The direct antiglobulin test (also called the Coombs’ test, or the DAT) is an important one for you to know. It’s used mostly in one particular setting: when you have a patient with a hemolytic anemia (one in which the red cells are getting busted open) and you want to know if the hemolysis is immune-related or not. As explained below, the DAT is positive in immune hemolytic anemias and negative in non-immune hemolytic anemias.
The whole point of the DAT is to find out whether there are antibodies and/or complement bound to the surface of the patient’s red cells. In an immune hemolytic anemia, the patient may have antibody, or complement, or both bound to his or her red cells. Since you can’t see the antibody or complement under the microscope, you need a way to determine whether these molecules are present – and that’s what the DAT is for.
Here is how it is done. A small amount of a reagent called Coombs’ reagent, or anti-human globulin (AHG) is added to the patient’s blood in a test tube. This reagent (depicted as blue antibodies in the diagram above) consists of antibodies directed against human antibodies. These antibodies are raised by injecting human antibodies into another animal (a rabbit, or a mouse, or some other non-human), and then collecting the anti-human-antibody antibodies the animal makes (the animal sees the human antibodies as foreign substances, and it makes its own antibodies against them). You also add some antibodies directed against complement to the patient’s blood sample (these are not depicted above).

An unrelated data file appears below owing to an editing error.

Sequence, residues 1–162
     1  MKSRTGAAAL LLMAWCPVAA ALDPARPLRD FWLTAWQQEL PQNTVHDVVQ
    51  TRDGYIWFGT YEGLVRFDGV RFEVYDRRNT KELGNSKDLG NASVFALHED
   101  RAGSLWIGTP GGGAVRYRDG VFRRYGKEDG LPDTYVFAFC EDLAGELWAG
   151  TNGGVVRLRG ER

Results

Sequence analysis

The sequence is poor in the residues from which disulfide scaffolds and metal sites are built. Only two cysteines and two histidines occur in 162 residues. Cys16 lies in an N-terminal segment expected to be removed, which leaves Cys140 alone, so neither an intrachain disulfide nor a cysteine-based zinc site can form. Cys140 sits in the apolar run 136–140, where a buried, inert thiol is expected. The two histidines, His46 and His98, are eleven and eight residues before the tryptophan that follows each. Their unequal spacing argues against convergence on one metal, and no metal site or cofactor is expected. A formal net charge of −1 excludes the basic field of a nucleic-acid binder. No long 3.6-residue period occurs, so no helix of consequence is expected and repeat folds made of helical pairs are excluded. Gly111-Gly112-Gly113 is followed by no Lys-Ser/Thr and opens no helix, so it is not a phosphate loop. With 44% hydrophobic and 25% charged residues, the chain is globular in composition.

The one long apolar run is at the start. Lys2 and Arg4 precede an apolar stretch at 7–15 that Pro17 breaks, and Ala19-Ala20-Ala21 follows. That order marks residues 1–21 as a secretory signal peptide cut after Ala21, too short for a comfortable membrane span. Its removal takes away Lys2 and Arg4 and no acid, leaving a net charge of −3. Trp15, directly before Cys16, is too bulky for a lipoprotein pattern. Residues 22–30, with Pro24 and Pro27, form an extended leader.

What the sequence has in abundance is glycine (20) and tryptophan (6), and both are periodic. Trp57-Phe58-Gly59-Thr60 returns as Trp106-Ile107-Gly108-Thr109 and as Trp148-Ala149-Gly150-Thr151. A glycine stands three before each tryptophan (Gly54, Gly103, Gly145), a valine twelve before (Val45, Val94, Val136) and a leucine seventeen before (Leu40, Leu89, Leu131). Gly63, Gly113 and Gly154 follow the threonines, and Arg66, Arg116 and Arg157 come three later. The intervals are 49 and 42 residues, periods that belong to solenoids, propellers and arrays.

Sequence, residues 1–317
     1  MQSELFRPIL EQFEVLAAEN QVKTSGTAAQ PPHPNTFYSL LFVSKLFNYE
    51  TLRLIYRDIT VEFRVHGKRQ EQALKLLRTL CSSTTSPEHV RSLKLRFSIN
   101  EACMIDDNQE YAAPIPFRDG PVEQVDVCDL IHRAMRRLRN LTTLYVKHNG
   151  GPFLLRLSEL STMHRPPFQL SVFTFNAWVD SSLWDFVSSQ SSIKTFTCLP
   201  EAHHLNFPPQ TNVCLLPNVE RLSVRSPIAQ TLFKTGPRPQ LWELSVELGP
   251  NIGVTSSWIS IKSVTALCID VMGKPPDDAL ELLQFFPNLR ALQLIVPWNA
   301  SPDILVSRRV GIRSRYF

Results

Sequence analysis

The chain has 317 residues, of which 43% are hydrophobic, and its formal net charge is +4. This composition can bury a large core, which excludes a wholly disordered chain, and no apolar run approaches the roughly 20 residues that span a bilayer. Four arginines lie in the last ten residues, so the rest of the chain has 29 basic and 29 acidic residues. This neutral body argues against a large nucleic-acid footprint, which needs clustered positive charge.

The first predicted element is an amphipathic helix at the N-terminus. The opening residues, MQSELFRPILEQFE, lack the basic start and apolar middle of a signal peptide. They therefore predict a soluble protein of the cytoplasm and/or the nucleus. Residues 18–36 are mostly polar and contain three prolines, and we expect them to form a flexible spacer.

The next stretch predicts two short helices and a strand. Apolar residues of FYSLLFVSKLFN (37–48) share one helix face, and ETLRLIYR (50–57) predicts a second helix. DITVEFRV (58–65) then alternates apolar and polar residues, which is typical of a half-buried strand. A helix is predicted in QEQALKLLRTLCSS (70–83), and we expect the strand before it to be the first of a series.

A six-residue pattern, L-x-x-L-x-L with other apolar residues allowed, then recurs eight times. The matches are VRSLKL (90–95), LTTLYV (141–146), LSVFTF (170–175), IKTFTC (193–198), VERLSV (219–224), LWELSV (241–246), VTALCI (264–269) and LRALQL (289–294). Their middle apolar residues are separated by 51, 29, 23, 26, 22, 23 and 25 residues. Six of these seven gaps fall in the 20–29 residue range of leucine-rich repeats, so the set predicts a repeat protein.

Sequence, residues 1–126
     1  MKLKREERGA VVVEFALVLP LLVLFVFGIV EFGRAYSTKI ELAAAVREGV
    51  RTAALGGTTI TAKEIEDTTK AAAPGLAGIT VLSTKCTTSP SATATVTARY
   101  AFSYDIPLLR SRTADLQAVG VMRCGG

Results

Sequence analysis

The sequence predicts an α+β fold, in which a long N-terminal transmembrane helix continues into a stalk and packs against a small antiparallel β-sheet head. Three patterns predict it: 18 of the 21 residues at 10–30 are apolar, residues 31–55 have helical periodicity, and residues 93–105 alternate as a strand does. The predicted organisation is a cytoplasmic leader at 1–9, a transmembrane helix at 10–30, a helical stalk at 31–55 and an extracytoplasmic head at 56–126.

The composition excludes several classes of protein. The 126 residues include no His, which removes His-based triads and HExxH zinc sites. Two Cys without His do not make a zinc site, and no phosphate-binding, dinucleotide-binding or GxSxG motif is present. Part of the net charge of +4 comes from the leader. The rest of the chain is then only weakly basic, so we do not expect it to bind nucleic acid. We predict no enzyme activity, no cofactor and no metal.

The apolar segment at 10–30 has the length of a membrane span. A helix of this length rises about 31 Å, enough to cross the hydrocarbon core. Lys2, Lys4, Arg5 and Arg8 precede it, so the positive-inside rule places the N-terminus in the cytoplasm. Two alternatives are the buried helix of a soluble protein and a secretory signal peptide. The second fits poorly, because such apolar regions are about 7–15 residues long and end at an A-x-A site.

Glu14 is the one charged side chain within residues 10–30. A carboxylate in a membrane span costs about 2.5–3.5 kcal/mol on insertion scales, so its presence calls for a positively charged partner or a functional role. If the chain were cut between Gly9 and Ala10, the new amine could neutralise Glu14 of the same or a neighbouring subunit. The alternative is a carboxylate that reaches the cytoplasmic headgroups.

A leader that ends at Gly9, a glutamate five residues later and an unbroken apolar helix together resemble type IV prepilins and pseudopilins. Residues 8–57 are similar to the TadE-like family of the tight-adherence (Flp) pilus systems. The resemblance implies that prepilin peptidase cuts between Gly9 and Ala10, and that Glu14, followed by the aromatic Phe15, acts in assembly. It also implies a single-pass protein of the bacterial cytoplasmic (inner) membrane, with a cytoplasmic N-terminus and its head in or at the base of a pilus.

The cool thing about the Coombs’ reagent is that if the patient’s red cells are coated with IgG, the Coombs’ reagent will bind to this IgG on the red cells, bridging the gap between adjacent red cells, and causing the red cells to clump together (see the right hand side of the diagram above)! You can see this clumping with the naked eye. The same principle works for the anti-complement antibodies; if there is complement bound to the red cells, the anti-complement antibody will bind to it, and the red cells will clump together.
So: if you see clumping in the test tube, the DAT is positive, and that means your patient has an autoimmune hemolytic anemia. The next thing to figure out is which kind of autoimmune hemolytic anemia it is – but that’s the subject of another post.
Note: The very nice depiction of the DAT above was created by A. Rad, and can be found on Wikimedia commons at: http://commons.wikimedia.org/wiki/File:Coombs_test_schematic.png.
- Kristine said No that makes absolute sense! If the likelihood of PE is low, then you do a D-dimer to rule it out (...
- Fatima said As the hemoglobin drops, you need to make more reticulocytes to get up to the normal range of 0.5 –...
- praveen pandey said I read in Harrison 18ed fig 300-3 algorithm. It says we do a d-dimer for low likelihood of PE. For h...
- Md.Abu Jar said thanks a lot my loving teacher….kristine krafts
- sama said Amazing
- vijaya said Thanks
- Sandeep Jain said As always, fantastic explanation! The delay in maturation time with decreasing Hgb is good to know!
- Baraniko Eromanga said Thanks for discussing this, it’s confusing me for long time, now I understand the differences.
- Kristine said Thanks, Raffi. No – the concept of shift reticulocytes is not the same as polychromasia. Polyc...
- Raffi said Thanks for the post. By chance, is the “shift reticulocyte” the same as polychromasia? I...
- vetstudent said u make things a lot of easier! tq
- Kristine said Sure – you just multiply the percentages by the total white blood cell count. For example: the...